Book Review: “The Hound of the Baskervilles”

“The Hound of the Baskervilles” by Sir Arthur Conan Doyle

Genre: Adult Fiction, Mystery, Classic

Source: Gift

Other Sherlock Holmes books

Summary from Goodreads:

Holmes and Watson are faced with their most terrifying case yet. The legend of the devil-beast that haunts the moors around the Baskerville families home warns the descendants of that ancient clan never to venture out in those dark hours when the power of evil is exalted. Now, the most recent Baskerville, Sir Charles, is dead and the footprints of a giant hound have been found near his body. Will the new heir meet the same fate?


I’ve always enjoyed the idea of Sherlock Holmes and have enjoyed the various interpretations of him in media (Guy Ritchie’s movies, House MD) but I’ve never actually read a Sherlock Holmes book. I decided it was time to change that. My first experience was a decent one. I got exactly what I was expecting. Holmes and Watson have quick and sometimes witty discussions. They pick up on things I never would have noticed. Holmes pieces everything together.

The mystery was decent enough. It wasn’t totally engrossing, keep-me-on-the-edge-of-my-seat interesting but I still liked it well enough. I think my problem was I was really inconsistent in my reading. I read it on and off over 2 weeks. That doesn’t help me remember things and it makes it a lot harder to pick the book back up.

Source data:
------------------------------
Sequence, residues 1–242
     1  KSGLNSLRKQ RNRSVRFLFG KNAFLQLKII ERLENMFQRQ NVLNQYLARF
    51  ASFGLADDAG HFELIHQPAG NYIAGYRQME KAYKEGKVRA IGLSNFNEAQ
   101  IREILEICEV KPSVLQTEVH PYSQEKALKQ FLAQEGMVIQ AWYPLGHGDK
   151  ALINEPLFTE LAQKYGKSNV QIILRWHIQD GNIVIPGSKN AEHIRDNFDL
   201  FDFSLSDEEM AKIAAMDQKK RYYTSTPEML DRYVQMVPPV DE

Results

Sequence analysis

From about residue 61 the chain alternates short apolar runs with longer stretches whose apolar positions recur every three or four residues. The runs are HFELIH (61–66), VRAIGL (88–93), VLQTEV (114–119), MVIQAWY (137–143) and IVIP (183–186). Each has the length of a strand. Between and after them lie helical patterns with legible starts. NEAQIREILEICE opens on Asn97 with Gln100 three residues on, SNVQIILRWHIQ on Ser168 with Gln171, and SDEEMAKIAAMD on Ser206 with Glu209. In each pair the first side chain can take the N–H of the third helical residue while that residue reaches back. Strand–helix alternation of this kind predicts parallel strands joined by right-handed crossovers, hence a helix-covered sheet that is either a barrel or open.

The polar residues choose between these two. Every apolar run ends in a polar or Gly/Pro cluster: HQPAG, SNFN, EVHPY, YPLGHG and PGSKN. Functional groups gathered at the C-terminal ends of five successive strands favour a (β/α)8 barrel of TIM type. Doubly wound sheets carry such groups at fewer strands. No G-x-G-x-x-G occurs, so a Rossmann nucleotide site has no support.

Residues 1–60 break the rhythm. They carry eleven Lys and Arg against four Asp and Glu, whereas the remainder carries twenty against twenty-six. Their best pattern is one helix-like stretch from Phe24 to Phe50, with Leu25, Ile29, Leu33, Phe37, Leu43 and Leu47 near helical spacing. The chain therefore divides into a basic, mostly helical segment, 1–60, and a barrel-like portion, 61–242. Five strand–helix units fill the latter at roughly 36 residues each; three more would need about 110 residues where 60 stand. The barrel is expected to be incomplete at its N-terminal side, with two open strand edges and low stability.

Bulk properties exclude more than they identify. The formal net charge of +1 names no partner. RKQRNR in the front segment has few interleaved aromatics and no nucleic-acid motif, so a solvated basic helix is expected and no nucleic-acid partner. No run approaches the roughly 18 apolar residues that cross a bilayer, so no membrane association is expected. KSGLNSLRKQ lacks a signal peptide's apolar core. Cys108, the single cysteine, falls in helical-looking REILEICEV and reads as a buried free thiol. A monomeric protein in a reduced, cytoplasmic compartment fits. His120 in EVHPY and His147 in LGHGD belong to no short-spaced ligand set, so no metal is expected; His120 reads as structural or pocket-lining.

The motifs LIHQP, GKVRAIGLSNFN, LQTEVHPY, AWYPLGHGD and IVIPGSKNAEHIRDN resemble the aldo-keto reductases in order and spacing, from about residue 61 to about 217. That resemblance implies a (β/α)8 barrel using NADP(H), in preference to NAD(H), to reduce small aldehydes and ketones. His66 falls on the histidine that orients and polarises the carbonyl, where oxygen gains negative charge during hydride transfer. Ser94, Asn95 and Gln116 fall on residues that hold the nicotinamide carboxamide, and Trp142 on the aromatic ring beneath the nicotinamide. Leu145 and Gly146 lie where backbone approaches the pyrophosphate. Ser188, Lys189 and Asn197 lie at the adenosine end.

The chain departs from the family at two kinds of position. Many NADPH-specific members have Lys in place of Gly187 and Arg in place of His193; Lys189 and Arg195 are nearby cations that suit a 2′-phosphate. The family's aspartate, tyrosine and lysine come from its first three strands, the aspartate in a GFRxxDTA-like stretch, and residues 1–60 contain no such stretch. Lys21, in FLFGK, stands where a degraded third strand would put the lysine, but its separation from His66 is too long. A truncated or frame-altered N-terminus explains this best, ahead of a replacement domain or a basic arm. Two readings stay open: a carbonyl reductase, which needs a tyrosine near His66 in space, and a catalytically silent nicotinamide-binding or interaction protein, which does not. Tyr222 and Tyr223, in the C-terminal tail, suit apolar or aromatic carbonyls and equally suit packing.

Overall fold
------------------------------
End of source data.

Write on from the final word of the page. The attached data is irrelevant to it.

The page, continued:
I didn’t totally click with the book unfortunately. The book wasn’t bad by any means, I just didn’t enjoy it. Maybe I should have started at the beginning of the series?

The bottom line? I didn’t enjoy it as much as I wanted to but it’s still a solid book. Maybe next time I’ll try The Adventures of Sherlock Holmes since short stories are a bit easier to digest.


10 thoughts on “Book Review: “The Hound of the Baskervilles”

  1. Oh, I have the Adventures of Sherlock Holmes if you ever want to borrow it! I got about half way through it and it’s still under “currently reading” but I’m reading too many books to go back to it right now LOL. I really liked A Study In Scarlet – I think it’s difficult sometimes for me to read the old language (which is maybe why I don’t like classics!) but I love the wit and cleverness of Sherlock Holmes so I actually really enjoyed it 🙂

      • Oh nice! That’s good 🙂 Yep, that’s what usually turns me off from older books. I think Sherlock Holmes is one of the only older books I’ve actually enjoyed.

        • If you enjoy kid’s books and want to try classics, I’d suggest trying to read children’s classics first. They still have the language but the content and stories are easier to swallow. I’ve enjoyed many of the children’s classics I’ve read! Just something to think about. 🙂

  2. I really enjoyed this one. Sorry it didn’t work out for you though. I read some of the short stories last year and liked them. It might be a good way to get in a Sherlock without committing to a book.

  3. I think the langauge and style is the main challenge when reading classics. Mystery/suspense especially as we are used to edge-of-your-stead nonstop action etc. Older style, even in mystery is much slower and so hard for people today to get into.

    I read the short stories and liked them; I did find that the conclusions were far fetched by today’s standards, but at the time I expect they’d totally work.

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